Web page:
McCargo, who was born and raised in Camden and previously owned two restaurants in the city, says it’s important for this type of business to open in addition to the big businesses calling the waterfront home. A business like this, with its menu that includes a Jersey-style cheesesteak, pulled pork and fried sweet plantains, “lets big corporations know it’s not just about bringing your business here, but it’s also about getting your workers, your staff and your employees to see a brighter side of Camden,” he says. “It’s giving them an opportunity to walk outside of those businesses and walk up the corridor and really find something great they can eat,” McCargo adds.
 
The Camden native says the food scene in Camden is “kicking up tremendously.”
 
“There is a lot of space and room for folks to bring businesses here which will help the city to be painted as a better place,” he says.
 
FACTS AND FIGURES
$7 million The amountof grant moneyNJ Transit gaveto the Camden County Freeholders to finance a pedestrian bridge thatwill span MLK Boulevard
 
2 The number of restaurants Philadelphia restaurateur Michael Schulson is reportedly opening on the waterfront
 
156 The number of rooms in Camden’s first apartment complex in a decade
 
180 The number of rooms in Camden’s first hotel in 50 years
 
WHAT BUSINESSES ARE SAYING
Coriell Institute for Medical Research, Jean-Pierre Issa, MD, president and CEO
“One of the things that drew me to Coriell as its new CEO earlier this year is Camden’s unlimited potential for growth. There is a buzz about this city—you can feel it in the passion of its residents, the pride the people that work and live here show and the commitment to Camden that is demonstrated by our elected leaders. Camden is truly rising. I’m proud that Coriell has called Camden home since 1953, and I look forward to being part of the next generation to lead Coriell and Camden into the next
70 years.”
 
Bell Pharmacy, Anthony V. Minniti, RPh, owner
“I am most excited to see the level of community involvement in revitalizing our city. No effort can succeed without residents' commitment. I'm seeing a level of enthusiasm and pride that I haven't seen in my 30 years working in Camden. The residents of Camden are the most loyal, caring people I've ever encountered. I've served families from their first prescription through their grandchildren's first prescription. I never worry about competition or chains or mail order because they truly appreciate our commitment to them and I am thankful every day for their commitment to us. For me? There is no other place I would ever want to practice.”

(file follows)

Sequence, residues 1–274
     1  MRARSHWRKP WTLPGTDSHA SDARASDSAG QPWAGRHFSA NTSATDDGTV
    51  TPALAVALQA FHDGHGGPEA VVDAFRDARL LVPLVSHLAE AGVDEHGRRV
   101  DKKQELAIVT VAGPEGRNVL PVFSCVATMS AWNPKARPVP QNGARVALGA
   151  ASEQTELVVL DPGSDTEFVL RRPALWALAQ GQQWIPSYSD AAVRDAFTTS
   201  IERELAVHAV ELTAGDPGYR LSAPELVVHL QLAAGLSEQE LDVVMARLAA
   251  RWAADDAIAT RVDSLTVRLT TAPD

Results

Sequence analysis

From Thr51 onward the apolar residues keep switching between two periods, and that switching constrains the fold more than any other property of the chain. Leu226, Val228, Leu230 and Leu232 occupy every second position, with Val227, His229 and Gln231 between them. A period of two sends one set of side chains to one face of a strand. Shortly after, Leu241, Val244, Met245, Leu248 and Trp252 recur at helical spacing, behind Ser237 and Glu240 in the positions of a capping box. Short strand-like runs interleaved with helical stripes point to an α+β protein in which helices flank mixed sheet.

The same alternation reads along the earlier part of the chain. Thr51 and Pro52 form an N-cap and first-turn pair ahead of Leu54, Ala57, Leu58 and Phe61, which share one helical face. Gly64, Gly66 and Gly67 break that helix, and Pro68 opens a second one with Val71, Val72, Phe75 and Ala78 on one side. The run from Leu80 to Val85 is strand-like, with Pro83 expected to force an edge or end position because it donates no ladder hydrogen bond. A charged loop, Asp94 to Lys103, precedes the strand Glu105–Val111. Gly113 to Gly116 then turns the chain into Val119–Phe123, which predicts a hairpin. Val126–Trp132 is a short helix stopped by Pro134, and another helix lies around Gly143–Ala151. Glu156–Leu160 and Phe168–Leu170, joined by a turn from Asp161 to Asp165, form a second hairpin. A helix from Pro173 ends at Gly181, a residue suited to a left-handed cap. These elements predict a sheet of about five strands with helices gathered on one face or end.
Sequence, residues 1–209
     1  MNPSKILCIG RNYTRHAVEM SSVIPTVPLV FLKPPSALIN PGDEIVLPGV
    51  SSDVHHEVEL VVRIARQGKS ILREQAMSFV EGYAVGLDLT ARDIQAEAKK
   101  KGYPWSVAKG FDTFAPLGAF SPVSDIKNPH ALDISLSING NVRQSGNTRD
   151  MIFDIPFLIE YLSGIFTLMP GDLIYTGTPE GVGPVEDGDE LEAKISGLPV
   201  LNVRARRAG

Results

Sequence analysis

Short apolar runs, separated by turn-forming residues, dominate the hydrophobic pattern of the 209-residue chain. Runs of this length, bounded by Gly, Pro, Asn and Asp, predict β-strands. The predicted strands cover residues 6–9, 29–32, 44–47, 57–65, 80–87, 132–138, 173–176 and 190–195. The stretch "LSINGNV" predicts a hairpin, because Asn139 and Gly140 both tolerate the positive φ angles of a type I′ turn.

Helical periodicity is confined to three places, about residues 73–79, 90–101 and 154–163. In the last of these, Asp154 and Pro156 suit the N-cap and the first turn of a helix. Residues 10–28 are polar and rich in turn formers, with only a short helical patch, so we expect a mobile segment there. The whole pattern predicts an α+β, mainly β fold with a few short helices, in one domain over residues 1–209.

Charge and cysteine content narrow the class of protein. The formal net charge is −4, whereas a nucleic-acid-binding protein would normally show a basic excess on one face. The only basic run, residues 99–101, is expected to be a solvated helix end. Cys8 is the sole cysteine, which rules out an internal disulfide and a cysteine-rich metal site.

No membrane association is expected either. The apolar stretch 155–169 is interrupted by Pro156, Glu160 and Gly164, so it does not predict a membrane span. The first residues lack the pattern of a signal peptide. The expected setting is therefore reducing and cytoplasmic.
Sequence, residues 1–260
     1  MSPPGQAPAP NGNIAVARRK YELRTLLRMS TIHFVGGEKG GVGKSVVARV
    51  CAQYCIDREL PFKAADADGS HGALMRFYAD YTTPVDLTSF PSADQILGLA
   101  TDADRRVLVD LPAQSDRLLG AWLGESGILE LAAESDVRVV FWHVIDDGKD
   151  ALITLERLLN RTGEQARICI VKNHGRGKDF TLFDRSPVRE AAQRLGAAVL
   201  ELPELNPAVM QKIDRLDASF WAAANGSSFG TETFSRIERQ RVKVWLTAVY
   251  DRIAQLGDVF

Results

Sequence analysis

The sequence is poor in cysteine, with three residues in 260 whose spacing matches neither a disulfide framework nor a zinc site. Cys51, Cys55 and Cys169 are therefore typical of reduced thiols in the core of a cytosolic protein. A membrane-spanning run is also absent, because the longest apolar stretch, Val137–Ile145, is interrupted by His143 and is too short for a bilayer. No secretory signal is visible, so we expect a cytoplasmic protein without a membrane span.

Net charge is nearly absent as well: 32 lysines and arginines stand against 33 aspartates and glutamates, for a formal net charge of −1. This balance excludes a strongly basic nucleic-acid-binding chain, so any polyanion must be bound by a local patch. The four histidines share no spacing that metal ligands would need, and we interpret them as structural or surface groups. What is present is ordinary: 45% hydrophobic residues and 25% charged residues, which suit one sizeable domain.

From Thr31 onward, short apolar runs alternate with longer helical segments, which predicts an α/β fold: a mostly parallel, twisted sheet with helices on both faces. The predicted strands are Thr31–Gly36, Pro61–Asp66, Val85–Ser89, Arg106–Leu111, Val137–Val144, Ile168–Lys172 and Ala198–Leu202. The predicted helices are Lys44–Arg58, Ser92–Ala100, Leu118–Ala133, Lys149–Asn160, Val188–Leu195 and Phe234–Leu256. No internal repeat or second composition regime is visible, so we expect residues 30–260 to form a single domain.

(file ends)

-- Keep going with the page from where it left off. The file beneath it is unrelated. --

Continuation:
Rutgers University-Camden, Mike Sepanic,associate chancellor for external relations
“Camden is rising, and Rutgers–Camden is proud to be a partner in this national success story. We’ve built a civic engagement program that partners with the community to strengthen families and neighborhoods. Rutgers–Camden completed more than 372,000 hours of service to the community last year, including more than 22,700 hours of pro bono legal services provided by our law students. More than 4,400 Rutgers–Camden students earned course credits in 179 engaged civic learning courses during that time. We work to enhance pathways to college for Camden families, through Rutgers–Camden programs such as the Rutgers Future Scholars and the Hill Family Center. Rutgers is ‘all in’ on Camden Rising.”
 
Catholic Partnership Schools, Brian Barry,director of development
“The best thing about Catholic Partnership Schools being in Camden is the richness of culture in its neighborhoods and proximity to the growing array of world-class organizations right in our own backyard. It is our mission to partner with these organizations, bringing workforce opportunities and benefiting from enriched exposure and experiences for the students and families we serve, while empowering them to maintain their cultural identities.”
 
Salvation Army Kroc Center, Major Terry Wood,Kroc Center Administrator
“This month we are excited to celebrate the fifth anniversary of the Kroc Center. It has been The Salvation Army’s honor to serve in Camden for 135 years before we were ‘super-sized.’ Joan Kroc’s vision for Kroc Centers was to be places where potential meets opportunity. There is an abundance of both in Camden. Camden has amazing people, great leaders and it is a wonderful place to do business.”